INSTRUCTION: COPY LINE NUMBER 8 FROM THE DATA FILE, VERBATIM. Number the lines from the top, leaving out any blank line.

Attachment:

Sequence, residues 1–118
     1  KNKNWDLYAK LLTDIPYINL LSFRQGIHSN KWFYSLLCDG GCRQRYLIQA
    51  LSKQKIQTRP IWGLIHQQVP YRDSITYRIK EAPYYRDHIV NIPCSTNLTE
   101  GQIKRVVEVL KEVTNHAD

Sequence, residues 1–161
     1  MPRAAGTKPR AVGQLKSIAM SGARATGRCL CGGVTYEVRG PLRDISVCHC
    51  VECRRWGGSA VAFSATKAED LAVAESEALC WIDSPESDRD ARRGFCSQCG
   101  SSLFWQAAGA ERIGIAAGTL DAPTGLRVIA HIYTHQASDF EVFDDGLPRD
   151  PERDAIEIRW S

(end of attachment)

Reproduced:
   101  SSLFWQAAGA ERIGIAAGTL DAPTGLRVIA HIYTHQASDF EVFDDGLPRD